Legond Marthoner Grete Waitz Dies From Cancer At 57

Waitz finishing 2nd at 1984 Olympic Games

The marathon world is still celebrating the amazing times set  at Monday’s Boston Marathon by the Kenyan men. The NY Times reported the sad news that one of the legends of the Marathon , Norway’s Grete Waitz, has succumbed to cancer  at the age of 57.  Grete Waitz was  a former world record holder in the marathon, and nine-time winner of the NY City Marathon and silver medalist in the 1984 First Olympic Woman’s Marathon at the Los Angelos Games.

Grete Waitz, the Norwegian runner who won a record nine New York City Marathons starting with her first in October 1978, died Tuesday in Oslo. She was 57.

Waitz revealed in 2005 that she had cancer, without disclosing details. Her death was confirmed by her husband, Jack Waitz.

Waitz’s nine victories in the New York race is a mark that no woman or man has duplicated. Unassuming and yet fiercely confident, she inspired runners around the world and stayed involved in the running community even as she battled cancer.

“Grete was a great champion in life as well as in sport,” said Mary Wittenberg, president of the New York Road Runners and the marathon director. “We will forever celebrate Grete in our hearts and as an inspiration and role model for women’s running.”

Waitz (pronounced vites) was a geography teacher from Norway who came to New York for the first time with her husband. She came on a whim, for a chance to explore a new city, an opportunity to run a different kind of race.

Fred Lebow, the founder of the New York City Marathon, thought Waitz might be a good pacesetter, since she was a world-record holder in the 3,000 meters in track. She had never run more than 16 miles in a training run. Jack, who was her coach as well as her husband, knew that she could run more.

Grete Waitz did not come to set a pace. She not only won the 1978 New York race, but also set a world best, finishing in 2 hours 32 minutes 30 seconds — two minutes faster than the previous mark.

The only problem was when Waitz crossed the finish line, nobody knew the blond woman wearing Bib No. 1173.

The world, and the city, soon found out.

“Every sport should have a true champion like Grete, a woman with such dignity and humanity and modesty,” said George Hirsch, the chairman of the New York Road Runners, and a friend of hers since 1978. “New York adopted her as one of its true heroes, but unlike so many sports champions, Grete was down to earth. She was just happy to visit, blend in, talk to people, runners who came from all over the world always went right up to her. She just had time for everybody. She symbolized what was so great about what was so great about the community of marathoners.”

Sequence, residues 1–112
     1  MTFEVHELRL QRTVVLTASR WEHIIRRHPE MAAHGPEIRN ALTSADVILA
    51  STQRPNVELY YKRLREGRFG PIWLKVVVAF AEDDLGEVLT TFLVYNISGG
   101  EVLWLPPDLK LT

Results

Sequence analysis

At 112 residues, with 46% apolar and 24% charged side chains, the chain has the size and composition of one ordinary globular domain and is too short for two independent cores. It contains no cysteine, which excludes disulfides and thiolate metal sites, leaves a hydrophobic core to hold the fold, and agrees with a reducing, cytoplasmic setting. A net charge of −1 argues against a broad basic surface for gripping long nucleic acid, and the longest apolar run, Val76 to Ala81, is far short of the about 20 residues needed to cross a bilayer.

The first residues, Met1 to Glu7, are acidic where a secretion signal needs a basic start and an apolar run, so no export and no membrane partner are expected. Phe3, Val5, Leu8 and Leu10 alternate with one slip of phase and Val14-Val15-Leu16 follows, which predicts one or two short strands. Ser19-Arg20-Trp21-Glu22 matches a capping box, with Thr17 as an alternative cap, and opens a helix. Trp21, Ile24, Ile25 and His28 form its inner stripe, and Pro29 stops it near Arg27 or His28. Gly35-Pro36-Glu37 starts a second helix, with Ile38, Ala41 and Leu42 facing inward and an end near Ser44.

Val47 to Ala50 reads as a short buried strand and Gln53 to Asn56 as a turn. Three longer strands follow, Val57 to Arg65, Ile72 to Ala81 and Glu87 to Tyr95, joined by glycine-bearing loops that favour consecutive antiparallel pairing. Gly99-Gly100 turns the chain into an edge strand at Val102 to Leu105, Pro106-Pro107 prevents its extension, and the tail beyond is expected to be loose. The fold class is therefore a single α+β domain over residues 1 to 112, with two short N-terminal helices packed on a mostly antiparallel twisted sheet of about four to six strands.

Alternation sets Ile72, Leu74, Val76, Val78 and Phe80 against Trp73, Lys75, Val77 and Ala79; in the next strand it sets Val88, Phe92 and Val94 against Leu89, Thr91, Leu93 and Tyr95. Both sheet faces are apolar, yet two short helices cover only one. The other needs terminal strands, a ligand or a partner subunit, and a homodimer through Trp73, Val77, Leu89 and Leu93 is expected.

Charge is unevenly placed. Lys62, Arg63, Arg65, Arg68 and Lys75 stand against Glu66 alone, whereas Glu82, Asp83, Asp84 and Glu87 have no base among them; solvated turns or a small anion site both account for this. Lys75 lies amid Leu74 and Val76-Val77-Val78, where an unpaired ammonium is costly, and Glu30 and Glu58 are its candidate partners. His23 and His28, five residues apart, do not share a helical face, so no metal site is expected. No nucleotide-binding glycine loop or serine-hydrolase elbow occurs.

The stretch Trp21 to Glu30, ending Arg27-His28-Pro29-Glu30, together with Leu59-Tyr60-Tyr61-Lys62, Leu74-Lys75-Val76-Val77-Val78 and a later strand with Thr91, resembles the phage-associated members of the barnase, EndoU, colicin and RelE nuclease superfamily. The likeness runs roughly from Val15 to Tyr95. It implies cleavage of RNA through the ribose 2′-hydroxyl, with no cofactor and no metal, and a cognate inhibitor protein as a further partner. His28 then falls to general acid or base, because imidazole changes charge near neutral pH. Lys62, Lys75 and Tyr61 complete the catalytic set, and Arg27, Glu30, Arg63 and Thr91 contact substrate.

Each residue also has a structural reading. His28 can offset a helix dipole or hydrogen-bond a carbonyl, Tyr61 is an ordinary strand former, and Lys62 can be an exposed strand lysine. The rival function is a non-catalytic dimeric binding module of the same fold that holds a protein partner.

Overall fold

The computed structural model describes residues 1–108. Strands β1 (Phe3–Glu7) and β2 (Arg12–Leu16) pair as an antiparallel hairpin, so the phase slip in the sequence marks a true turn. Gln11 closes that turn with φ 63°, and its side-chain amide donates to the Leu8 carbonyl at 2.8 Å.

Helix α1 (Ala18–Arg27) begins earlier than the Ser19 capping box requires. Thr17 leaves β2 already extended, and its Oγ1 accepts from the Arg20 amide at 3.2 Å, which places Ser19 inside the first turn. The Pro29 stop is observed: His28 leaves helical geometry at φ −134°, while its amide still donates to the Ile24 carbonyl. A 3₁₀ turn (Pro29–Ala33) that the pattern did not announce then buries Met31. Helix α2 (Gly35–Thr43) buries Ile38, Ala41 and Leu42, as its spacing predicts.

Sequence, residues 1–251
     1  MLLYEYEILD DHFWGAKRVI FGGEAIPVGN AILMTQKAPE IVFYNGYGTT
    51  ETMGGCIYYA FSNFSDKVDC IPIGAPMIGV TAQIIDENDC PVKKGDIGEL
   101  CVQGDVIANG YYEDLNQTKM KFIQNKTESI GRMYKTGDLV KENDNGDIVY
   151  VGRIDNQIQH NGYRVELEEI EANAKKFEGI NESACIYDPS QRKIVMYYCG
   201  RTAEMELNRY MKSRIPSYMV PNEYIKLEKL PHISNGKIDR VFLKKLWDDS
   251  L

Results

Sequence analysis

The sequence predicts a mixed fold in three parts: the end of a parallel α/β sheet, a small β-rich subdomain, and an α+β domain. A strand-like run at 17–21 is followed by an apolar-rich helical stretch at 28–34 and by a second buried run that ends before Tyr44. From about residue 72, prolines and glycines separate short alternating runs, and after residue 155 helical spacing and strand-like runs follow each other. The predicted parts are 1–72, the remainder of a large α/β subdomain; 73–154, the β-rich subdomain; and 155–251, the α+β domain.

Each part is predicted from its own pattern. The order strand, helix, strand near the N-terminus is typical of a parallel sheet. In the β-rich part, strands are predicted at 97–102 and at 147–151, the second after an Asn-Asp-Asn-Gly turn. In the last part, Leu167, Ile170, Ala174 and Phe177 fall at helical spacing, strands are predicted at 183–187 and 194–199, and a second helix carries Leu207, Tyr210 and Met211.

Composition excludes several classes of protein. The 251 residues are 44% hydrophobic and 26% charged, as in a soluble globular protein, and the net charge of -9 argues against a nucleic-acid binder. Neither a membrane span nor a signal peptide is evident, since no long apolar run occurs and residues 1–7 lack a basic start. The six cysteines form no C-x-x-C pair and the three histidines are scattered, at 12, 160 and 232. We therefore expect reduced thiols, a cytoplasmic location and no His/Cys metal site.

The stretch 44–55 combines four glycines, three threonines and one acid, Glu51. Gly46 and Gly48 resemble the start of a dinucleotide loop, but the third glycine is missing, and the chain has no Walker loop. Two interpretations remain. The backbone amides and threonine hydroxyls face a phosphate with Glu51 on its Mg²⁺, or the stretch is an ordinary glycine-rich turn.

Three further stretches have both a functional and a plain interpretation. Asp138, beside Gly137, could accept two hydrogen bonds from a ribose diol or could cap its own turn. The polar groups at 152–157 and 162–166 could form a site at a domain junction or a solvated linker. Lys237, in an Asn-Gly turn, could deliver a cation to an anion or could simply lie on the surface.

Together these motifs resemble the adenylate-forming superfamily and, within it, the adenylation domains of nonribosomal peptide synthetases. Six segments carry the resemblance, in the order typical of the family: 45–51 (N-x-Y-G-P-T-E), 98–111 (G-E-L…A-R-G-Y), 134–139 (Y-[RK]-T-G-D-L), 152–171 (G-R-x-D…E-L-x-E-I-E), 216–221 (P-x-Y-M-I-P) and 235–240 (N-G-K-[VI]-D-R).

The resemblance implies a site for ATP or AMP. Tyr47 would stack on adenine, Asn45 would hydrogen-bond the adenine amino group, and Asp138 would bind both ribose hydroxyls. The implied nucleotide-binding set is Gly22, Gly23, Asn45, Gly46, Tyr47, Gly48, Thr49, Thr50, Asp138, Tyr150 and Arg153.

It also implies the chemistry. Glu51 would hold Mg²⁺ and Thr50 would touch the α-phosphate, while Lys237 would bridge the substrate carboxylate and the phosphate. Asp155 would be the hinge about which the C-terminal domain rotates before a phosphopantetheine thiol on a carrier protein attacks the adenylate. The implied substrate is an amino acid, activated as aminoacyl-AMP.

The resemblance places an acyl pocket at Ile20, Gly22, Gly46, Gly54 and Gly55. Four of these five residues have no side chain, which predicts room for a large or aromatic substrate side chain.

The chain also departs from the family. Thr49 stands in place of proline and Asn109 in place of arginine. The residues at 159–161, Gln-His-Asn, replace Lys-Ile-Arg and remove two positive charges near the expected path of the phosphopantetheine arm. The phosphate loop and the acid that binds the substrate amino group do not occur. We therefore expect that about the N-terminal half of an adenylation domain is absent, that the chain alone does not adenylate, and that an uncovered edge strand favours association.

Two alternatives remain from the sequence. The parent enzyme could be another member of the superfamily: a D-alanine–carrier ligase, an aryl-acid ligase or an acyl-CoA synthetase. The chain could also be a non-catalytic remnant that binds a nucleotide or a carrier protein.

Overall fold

When Waitz won her first New York City Marathon, women’s distance running was far from widely accepted. The women’s marathon would not be added to the Olympics until 1984. But she did so well, her winning time in 1978 would have won the men’s race as recently as 1970.

Joan Benoit Samuelson, who won that first women’s Olympic marathon by beating Waitz, said Waitz was her inspiration.

“I just lost a dear friend and true competitor in every sense of the word,” Benoit Samuelson said in a telephone interview Tuesday. “I lost a mentor and a role model as well.

“I think what will endure forever is the fact that she was able to balance a highly competitive career with the most gracious lifestyle and character that emanated good will throughout.”

In New York, Waitz’s victories became a ritual of autumn. She was presented each of her nine Samuel Rudin trophies by the Rudin family, the original business sponsors of the marathon.

“She was an icon, one of the greatest athletes of our century,” said Bill Rudin, fighting back tears as he recalled talking to Waitz at the start of last year’s race and introducing her to Edison Pena, the rescued Chilean miner who ran in it. “She was a class act, a real lady, who came back year after year in spite of her illness. She became a part of New York, a part of our family.”

Grete Andersen was born on Oct. 1, 1953, in Oslo, and grew up running in the woods near her house with her brothers, Jan and Arild. She is survived by her brothers and her husband.

She was just 18 when she competed in the women’s 1,500-meter race at the 1972 Olympics in Munich. She was eliminated in the first round, but her career as a competitive runner and pioneering athlete was just getting started.

She set the world record at 3,000 meters in the summer of 1975, but did not make the finals of the 1,500 at the 1976 Olympics in Montreal. Her chance at a third straight Olympics was foiled when Norway joined the American-led boycott of the 1980 Moscow Games over the Soviet invasion of Afghanistan. In 1984, suffering from back spasms, she finished second to Benoit Samuelson in the inaugural women’s Olympic marathon.

Waitz also won the London Marathon in 1983 and 1986. She also won the world cross country championships five times, including four straight from 1978 to 1981.

She won her last New York City Marathon title in 1988. Her most famous race in New York — which she considered her 10th victory — was the 1992 marathon, which she ran with Mr. Lebow, whose brain cancer at the time was in remission. The two crossed the finish line with their hands joined, their arms high. Lebow died in 1994.

“To me, the race of her life was the time she ran with Fred in New York,” Benoit Samuelson said. “That was a superlative effort on both of their parts.”

They finished in 5:32.34, an impossibly slow pace for a world champion marathoner, and Waitz said it was the hardest race she had ever run, and her most meaningful.

Recently, because of her health problems, Waitz sat in the pace car for the women’s race in New York. In Norway, Waitz established a foundation for cancer, Aktiv Mot Kreft, which sponsored runners in major races and supported activity centers at hospitals in Norway, much like the one in Oslo, where Waitz had received treatments.

“I am convinced you can go through a lot more when you are physically fit,” she said. “It is both physical and mental. With the athletic background, you think more on the positive side — you can do this.”

In 2006, Waitz met Lance Armstrong, the cancer survivor and cyclist who was running the New York City Marathon while on a brief retirement from cycling. Waitz said at the time that she hugged Armstrong and thanked him for all he had done for those stricken with cancer through his Livestrong Foundation.